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Prarie Smoke OR''

Prarie Smoke OR''

Prarie Smoke

Geum triflorum is a native North American perennial commonly called Prairie Smoke, for the appearance of the wispy seedheads. Other common names include Old Man’s Whiskers, Purple (or Red) Avens, Long-Plumed Avens, and Three-Flowered Avens. It is widely distributed across southern Canada and the central and northern U.S. in temperate and sub-arctic grasslands, and is hardy in zones 3-7. This prairie and open woodland wildflower in the rose family (Rosaceae) can be locally abundant on upland prairie sites. It is commonly found on shallow and gravelly sites as well as in silty and loamy soils. Unfortunately, it has become rather rare over much of its range, out-competed by naturalized invaders and eliminated by development. Native Americans used this plant for medicinal purposes.

Smoke

Fertilized flowers are later followed by distinctive silvery-pink fluffy fruits (called achenes) that are equally as decorative as the flowers, if not more so. The styles (parts of the female reproductive organs) greatly elongate in the fruit to form plumes nearly three inches long. After pollination the stems slowly turn upright, so that by the time the tufted fruit appear the feathery heads look like smoke wafting away from the plant – or something like the little “troll” dolls that once were so popular. The seedheads remain on the plant for many weeks until they become golden in color and very dry and are dispersed by the wind. They can be harvested and dried for use in flower arrangements. Pick the entire stem and hang upside down in a warm, dry place until dry.Prairie smoke is not a particularly bright and showy garden ornamental, but the nodding, bud-like flowers and fluffy seedheads add interest in an informal garden. Since it is a relatively small plant, use it as an edging, place it in the front of flower beds, in sunny rock gardens, or other locations where it will not be hidden by other plants. It can be a good companion plant for spring flowering bulbs, filling in the areas when the bulbs die back.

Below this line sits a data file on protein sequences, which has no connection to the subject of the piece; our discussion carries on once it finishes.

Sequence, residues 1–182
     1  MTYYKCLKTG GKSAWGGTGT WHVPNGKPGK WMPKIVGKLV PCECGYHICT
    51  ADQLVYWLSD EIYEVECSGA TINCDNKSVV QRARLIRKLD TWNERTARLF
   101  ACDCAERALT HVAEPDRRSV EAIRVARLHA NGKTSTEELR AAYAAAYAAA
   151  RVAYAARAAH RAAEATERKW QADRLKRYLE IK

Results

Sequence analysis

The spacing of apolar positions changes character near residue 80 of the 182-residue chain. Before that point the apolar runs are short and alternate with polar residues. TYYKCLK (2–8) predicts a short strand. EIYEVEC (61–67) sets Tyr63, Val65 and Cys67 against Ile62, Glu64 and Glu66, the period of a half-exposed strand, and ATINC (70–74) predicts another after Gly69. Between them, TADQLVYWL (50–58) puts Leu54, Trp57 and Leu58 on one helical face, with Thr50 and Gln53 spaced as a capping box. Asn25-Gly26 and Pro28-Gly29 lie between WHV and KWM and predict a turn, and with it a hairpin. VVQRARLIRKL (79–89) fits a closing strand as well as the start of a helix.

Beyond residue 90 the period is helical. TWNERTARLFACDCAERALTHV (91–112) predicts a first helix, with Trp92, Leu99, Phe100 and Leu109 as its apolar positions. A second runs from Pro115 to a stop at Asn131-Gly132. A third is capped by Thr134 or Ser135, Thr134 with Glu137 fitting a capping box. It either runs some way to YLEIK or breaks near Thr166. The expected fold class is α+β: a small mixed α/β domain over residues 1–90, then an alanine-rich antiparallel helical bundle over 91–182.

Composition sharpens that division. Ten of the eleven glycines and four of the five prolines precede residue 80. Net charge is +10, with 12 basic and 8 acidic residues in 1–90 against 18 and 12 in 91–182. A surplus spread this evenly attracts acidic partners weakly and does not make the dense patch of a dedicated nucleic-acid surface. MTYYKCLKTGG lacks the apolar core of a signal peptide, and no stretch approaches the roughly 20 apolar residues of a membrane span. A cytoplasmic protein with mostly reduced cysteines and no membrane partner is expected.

This plant is a good addition to meadows and prairies, although it may get lost among taller plants later in the season. It grows well in combination with other native plants that prefer dry summer conditions, including wild flax (Linum spp.), prairie or grayheaded coneflower (Ratibida pinnata), blazing star (Liatris spicata and other species), sheep fescue (Festuca ovina), blue grama grass (Bouteloua gracilis), little blue stem (Schizachyrium scoparium) and Junegrass (Koeleria macrantha). In natural settings it often grows with upland white and silky aster (Aster ptarmicoides and A. sericeus, respectively), shooting star (Dodecatheon meadia), downy gentian (Gentiana puberulenta), Richardson’s alumroot (Heuchera richardsonii), tall blazing star (Liatris aspera), grooved flax (Linum sulcatum), purple prairie clover (Petalostemum purpureum), downy phlox (Phlox pilosa), rigid aster (Oligoneuron (=Solidago) rigida), and and various native grasses including Dichanthelium (=Panicum) oligosanthes scribnerianum and prairie dropseed (Sporobolus heterolepis). (Source: hort.extension.wisc.edu)

 

 

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